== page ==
“Moss” is Maya Hawke’s ode to indie folk


Courtesy of Mom + Pop Music

Maya Hawke has become a figure in the indie folk music scene, with her latest album, “Moss,” drawing upon personal pain through memorable lyricism and soothing instrumentals.

Joey Gonzalez, Life Editor

Known for her role in “Stranger Things” and the recent Netflix success “Do Revenge,” Maya Hawke has established herself as a force to be reckoned with in Hollywood, and she has continually garnered herself new and inventive roles. But, her talents don’t end on the big or small screen, as she recently introduced herself into the world of indie folk music. After listening to her new album, “Moss,” it is clear why Hawke is such a powerhouse, as her talent and personableness are on full display throughout.

Indie folk, as a genre, provides a continually under-appreciated trove of endearing and heartbreaking musical talent. It can make you feel like you want to go camping or drop everything to travel across the country in a van. The genre is also known for its ability to tell stories, with a vibe akin to sitting around a campfire and listening to the artist in the moment. It is able to capture and elicit such raw emotions—whether its gut-wrenching heartbreak or tear-jerking joy—that viscerally draw the listener in. Indie artists often use simplistic folk instruments—mostly acoustic—as well, distancing themselves from the technologically dominated music industry. While indie folk artists aren’t limited to folk instruments, the sound they create often helps listeners retreat from the noises of everyday life, allowing them access to something much more simple and comforting. Hawke’s “Moss” certainly conveys these feelings through her narrative-like lyrics and simple acoustic tunes. In “Moss,” she encapsulates the genre, with the album referencing her past as an industry child. With its personal nature, “Moss” is a distinct step up from her debut album “Blush,” which came out in 2020.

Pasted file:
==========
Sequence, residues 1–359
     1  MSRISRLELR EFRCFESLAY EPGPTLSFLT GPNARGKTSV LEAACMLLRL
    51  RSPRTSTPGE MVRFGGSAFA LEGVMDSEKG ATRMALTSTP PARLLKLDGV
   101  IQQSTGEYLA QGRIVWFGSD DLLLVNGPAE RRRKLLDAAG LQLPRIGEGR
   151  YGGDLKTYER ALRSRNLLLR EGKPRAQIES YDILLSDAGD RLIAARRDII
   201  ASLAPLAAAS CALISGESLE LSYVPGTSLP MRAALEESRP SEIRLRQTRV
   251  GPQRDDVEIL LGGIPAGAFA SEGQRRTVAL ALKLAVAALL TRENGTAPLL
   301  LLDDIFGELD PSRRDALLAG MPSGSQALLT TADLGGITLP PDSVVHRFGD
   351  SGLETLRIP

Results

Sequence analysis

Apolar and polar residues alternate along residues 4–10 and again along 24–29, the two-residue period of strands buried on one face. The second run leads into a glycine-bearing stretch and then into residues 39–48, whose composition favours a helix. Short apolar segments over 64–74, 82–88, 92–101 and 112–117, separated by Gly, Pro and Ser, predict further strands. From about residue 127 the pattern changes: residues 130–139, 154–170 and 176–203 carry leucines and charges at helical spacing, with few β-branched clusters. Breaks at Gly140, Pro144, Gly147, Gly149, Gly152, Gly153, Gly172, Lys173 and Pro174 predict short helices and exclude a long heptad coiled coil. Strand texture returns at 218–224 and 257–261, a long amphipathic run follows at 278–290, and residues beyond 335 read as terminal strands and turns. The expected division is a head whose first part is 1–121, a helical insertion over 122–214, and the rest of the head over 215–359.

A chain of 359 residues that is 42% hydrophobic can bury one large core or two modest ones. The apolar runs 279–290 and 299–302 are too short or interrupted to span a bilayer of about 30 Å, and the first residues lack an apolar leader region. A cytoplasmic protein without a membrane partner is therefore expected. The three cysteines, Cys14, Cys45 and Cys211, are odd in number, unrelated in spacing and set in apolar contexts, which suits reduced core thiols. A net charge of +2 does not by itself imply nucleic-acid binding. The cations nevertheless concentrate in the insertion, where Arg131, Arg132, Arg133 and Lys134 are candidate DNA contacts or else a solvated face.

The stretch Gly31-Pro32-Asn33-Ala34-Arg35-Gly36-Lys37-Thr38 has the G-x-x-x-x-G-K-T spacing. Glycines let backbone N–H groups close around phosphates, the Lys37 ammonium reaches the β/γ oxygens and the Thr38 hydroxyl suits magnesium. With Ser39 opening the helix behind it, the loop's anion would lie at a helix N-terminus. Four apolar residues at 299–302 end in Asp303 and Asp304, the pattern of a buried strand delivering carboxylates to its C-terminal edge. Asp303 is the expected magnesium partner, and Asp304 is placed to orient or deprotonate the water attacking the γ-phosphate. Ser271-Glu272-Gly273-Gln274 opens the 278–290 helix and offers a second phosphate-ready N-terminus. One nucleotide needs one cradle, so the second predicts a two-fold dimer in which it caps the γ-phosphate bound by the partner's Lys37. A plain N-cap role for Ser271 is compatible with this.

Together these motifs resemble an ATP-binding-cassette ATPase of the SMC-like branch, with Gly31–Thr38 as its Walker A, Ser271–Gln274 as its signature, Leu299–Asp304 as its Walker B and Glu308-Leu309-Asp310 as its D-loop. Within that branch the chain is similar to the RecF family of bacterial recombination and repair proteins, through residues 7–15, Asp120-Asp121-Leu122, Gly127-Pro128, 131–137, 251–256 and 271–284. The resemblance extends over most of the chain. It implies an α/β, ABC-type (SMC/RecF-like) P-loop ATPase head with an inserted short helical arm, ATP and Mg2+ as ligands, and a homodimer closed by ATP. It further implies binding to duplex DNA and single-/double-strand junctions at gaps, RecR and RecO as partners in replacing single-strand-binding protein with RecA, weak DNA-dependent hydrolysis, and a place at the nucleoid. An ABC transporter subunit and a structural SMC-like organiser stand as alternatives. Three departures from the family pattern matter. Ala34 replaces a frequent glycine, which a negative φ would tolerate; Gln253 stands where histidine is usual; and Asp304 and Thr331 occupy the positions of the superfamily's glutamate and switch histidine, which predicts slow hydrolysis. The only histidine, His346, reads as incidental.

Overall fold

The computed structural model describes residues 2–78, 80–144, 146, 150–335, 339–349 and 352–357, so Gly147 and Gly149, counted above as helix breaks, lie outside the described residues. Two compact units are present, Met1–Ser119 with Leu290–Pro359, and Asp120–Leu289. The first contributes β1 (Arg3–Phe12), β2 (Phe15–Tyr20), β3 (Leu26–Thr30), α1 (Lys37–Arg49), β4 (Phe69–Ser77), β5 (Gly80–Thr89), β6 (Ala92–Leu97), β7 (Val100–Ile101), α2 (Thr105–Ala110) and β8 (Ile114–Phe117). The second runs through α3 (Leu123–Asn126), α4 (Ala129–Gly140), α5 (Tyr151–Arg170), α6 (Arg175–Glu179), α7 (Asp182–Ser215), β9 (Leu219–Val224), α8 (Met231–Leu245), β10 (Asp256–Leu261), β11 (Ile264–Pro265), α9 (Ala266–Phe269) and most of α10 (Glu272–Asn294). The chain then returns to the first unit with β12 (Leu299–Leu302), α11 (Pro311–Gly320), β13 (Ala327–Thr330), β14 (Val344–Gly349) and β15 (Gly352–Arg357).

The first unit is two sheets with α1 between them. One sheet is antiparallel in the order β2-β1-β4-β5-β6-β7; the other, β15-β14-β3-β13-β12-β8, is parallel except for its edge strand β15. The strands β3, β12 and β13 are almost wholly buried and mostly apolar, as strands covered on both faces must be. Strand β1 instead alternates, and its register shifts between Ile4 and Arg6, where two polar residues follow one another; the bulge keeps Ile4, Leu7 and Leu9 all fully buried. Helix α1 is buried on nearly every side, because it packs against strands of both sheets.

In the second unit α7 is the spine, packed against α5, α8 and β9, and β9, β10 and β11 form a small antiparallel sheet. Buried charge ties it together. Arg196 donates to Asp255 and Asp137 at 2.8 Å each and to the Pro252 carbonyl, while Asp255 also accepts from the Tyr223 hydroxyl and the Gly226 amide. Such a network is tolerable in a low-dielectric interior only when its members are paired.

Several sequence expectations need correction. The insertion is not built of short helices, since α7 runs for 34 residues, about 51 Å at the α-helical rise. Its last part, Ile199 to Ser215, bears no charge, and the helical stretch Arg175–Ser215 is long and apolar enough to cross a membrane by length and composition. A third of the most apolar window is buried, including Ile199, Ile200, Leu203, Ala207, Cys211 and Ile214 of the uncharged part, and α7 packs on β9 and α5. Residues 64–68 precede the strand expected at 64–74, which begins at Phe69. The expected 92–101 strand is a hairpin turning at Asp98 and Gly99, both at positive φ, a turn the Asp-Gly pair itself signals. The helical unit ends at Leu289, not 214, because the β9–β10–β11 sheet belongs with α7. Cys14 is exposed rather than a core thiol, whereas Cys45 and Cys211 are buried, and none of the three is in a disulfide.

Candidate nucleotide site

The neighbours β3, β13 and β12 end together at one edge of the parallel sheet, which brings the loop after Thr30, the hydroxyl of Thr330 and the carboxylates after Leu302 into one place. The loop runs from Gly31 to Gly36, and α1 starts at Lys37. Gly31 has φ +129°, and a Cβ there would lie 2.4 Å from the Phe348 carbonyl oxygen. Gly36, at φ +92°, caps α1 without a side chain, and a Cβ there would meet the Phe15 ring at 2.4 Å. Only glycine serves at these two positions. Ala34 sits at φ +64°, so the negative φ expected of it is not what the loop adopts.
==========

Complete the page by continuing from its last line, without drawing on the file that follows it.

Throughout the album, Hawke is able to portray her vulnerability, showing how she longs for love and struggles with being the child of celebrities. In “Driver,” the simple acoustic tune puts focus on the lyrics of the song, as Hawke sings a melancholy letter to her parents’ love. Her parents, Uma Therman and Ethan Hawke, met on the set of “Gattaca,” and the film portrays a romanticized version of their love. “Driver” rejects the notion of that “crafted and clear” love, instead wishing she were the driver of a taxi so that she could see it for herself. She wishes to be a viewer in her parents’ love but through a real lens, not just one that has been edited and chopped down to something commercial. The song ”Backup Plan” repeats a simple list of lost items, where Hawke wants to “be anything you’ve lost that you might be lookin’ for.” It is about becoming the missing piece in another person’s puzzle and completing them. She uses the metaphor of becoming the items that a significant other needs to conduct their daily tasks, whether she’s a charger or a winter coat in summer storage. This theme is conveyed through such simple lyrics; with the repetition of missing items and acoustic backing, the song feels more wholesome and endearing than its predecessor. Yet, her signature voice permeates the pain of having to transform and give herself up to someone to become what someone else wants them to be. 

Despite being newly introduced to the music industry, Hawke produces the perfect combination of lyricism and tone to convey the themes of each song. She encapsulates the modern indie folk genre in a way that builds on her past pain and carries the listener with her. It isn’t just a depressing acoustic ode to her pain either. She is able to convey her message and the notions of sadness without creating an entirely depressing song. 

“Moss” truly conveys Hawke’s past in such a creative way that you almost forget that you’re listening to someone’s pain. So even if indie folk isn’t your genre, or if you’re just a fan of Hawke’s acting and want more, I recommend popping your headphones on and queuing up “Moss” this fall.